Why Are Stocks Down Today?

  • Stocks are down today after news broke that debt ceiling negotiations have soured between House Republicans and President Joe Biden’s administration.
  • Rep. Garret Graves told reporters that “it’s time to press pause” on negotiations because they’re “just not productive.”
  • With the rapidly approaching June 1 estimated default date, it’s not surprising to see market indices down across the board today.
Bright red graphic of stock arrow headed sharply downward beside downward bar graph
Source: shutterstock.com/Lemonsoup14

Stock market indices are in the red across the board today on news that debt ceiling negotiations aren’t coming along as smoothly as previously assumed. Why are stocks down today?

Well, investors are continuing to express fear over the rapidly approaching debt ceiling deadline. This morning, Rep. Garret Graves, one of House Speaker Kevin McCarthy’s top debt ceiling negotiators, made a statement suggesting talks with the White House have soured.

“It’s time to press pause because it’s just not productive,” Graves said to reporters after a meeting between House Republicans and President Joe Biden’s administration. According to Graves, negotiations have turned “just unreasonable,” leaving it uncertain when the two parties will meet again.

This is a notable reversal from the debt ceiling optimism that flooded equity markets earlier this week following a seemingly productive meeting between McCarthy and Biden. Indeed, after more than a week of delays, markets surged following a positive discussion between the two on Tuesday.

Why else are stocks down today?

Why Are Stocks Down Today?

According to Eric Kuby, Chief Investment Officer at North Star Investment Management, the nature of today’s stock slump may show that things aren’t quite as bleak as the headlines suggest. Kuby told InvestorPlace:

“The market’s relatively shallow selloff in response to the suspension of debt ceiling conversations suggests investors believe these actions are more theater than a substantive threat to catastrophic default.”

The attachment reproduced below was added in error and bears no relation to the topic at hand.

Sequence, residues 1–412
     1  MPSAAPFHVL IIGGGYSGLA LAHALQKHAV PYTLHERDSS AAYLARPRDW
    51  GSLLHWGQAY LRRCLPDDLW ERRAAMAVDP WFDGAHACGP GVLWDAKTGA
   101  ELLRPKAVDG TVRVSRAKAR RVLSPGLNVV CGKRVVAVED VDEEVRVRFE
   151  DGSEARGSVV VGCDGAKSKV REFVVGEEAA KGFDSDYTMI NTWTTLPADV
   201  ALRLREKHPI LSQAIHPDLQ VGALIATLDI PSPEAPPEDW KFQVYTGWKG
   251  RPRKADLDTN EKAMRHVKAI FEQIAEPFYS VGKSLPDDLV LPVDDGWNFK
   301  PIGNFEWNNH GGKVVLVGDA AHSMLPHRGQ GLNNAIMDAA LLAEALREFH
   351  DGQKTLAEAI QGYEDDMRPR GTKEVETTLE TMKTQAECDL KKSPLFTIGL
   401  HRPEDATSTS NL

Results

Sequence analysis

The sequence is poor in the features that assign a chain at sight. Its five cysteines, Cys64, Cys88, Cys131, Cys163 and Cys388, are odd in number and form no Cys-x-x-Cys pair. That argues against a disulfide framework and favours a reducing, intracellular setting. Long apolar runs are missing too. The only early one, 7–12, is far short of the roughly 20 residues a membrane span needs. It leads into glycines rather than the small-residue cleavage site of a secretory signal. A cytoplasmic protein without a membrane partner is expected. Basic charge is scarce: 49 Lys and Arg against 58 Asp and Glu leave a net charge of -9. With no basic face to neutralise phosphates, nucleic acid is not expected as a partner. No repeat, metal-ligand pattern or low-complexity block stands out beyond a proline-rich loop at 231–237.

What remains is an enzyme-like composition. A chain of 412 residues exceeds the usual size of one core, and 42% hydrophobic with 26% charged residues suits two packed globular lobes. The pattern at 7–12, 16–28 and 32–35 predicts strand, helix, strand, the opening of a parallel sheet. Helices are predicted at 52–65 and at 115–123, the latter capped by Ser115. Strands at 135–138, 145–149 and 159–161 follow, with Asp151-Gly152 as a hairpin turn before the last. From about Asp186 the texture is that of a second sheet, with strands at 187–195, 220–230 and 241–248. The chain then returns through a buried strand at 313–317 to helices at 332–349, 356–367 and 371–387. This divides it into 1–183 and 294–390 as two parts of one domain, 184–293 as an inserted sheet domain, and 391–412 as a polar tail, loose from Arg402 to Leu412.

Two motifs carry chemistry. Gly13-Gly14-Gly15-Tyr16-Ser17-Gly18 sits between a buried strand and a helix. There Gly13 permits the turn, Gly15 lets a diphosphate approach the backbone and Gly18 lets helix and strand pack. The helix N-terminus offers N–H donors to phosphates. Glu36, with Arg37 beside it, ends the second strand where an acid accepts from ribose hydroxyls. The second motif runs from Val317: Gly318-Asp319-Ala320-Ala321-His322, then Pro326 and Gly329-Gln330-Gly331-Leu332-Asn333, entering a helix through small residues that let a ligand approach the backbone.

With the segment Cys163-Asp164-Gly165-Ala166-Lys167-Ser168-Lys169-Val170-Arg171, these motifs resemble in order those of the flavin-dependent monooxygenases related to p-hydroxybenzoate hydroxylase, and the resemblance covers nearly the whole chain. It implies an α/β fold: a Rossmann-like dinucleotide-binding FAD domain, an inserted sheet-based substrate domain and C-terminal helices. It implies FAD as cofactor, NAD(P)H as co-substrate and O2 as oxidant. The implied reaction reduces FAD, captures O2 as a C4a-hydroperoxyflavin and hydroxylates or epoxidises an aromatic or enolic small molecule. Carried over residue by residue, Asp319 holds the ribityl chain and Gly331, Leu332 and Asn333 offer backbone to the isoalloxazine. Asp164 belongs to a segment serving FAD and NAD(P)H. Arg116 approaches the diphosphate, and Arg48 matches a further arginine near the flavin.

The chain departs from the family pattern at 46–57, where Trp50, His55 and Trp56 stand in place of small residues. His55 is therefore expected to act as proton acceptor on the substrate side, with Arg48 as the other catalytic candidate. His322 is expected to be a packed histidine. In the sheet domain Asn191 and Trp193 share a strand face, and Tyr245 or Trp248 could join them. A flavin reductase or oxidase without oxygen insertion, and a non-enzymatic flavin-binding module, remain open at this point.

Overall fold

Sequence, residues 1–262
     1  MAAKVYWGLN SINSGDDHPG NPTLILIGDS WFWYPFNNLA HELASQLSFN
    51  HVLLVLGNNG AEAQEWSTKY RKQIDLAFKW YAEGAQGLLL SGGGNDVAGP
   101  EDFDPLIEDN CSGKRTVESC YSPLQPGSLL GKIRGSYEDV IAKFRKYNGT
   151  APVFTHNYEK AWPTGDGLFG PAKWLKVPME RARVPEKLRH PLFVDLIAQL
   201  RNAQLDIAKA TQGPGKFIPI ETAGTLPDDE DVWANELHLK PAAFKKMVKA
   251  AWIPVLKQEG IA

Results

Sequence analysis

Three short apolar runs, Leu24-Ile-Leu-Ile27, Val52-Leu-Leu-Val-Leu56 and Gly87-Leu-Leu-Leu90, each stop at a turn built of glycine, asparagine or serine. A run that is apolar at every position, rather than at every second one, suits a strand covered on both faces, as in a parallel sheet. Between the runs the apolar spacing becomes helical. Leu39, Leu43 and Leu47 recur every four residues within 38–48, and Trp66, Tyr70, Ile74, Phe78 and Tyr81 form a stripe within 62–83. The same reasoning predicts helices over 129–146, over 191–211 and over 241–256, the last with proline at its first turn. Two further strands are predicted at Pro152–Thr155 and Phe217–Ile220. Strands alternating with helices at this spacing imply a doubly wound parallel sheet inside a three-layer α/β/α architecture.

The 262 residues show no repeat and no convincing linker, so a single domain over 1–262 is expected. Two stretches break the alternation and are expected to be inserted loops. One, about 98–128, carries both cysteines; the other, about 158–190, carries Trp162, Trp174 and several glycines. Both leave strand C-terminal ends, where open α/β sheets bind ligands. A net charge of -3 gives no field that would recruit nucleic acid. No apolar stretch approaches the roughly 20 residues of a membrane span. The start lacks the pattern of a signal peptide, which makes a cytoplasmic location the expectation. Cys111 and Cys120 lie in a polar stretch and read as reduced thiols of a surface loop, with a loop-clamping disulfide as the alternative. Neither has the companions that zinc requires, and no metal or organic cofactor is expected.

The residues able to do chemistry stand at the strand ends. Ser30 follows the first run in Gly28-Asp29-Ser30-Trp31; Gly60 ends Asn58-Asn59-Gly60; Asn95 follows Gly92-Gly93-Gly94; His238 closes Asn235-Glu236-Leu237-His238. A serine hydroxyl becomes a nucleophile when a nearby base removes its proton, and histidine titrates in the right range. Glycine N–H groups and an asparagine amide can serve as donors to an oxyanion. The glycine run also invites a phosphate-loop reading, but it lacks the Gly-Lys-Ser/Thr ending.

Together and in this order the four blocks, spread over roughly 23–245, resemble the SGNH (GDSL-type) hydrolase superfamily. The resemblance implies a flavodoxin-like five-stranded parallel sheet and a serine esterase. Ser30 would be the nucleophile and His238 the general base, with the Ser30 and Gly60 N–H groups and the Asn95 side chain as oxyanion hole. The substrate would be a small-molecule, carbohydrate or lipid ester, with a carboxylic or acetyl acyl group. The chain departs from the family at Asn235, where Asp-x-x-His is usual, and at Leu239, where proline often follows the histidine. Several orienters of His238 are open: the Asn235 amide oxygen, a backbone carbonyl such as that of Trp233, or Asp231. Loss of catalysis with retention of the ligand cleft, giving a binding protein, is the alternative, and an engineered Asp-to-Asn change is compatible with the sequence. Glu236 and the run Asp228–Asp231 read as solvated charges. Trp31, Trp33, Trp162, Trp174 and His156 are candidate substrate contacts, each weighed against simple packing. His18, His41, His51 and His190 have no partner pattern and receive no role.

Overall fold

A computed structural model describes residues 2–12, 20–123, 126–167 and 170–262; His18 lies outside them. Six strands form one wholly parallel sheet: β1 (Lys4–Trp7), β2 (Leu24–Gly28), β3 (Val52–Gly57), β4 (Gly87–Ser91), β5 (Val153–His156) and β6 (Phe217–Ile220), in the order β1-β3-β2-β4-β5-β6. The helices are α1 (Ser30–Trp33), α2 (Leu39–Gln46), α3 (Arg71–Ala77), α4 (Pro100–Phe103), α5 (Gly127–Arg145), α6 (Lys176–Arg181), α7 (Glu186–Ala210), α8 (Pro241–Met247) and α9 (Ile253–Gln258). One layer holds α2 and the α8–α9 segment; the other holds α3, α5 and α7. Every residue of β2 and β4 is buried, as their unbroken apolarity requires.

Reasonably so, the S&P 500, Dow 30 and Nasdaq Composite are each only down less than half a percent this afternoon.

It seems lawmakers may be forced into yet another last-minute negotiation ahead of “X-date,” the day the Treasury exhausts its extraordinary measures cash balance, effectively resulting in a U.S. debt default.

The U.S. has never defaulted before, so it’s unclear exactly just how impactful the repercussions would be. Still, everyone from economists to analysts to government officials agree: A U.S. default would be devastating.

At the very least, a default would result in the country’s credit rating being downgraded, which would heavily inflate the cost to borrow in the States. That would hurt industries and individuals nearly across the board.

Treasury Secretary Janet Yellen estimates the country may only have until June 1 before it is forced to default on its debts. Although it’s not exactly uncommon for legislators to come to an agreement at the last minute, the current polarized state of Congress certainly has some concerned over the country’s path forward.

On the date of publication, Shrey Dua did not hold (either directly or indirectly) any positions in the securities mentioned in this article. The opinions expressed in this article are those of the writer, subject to the InvestorPlace.com Publishing Guidelines.

Article printed from InvestorPlace Media, https://investorplace.com/2023/05/why-are-stocks-down-today-34/.

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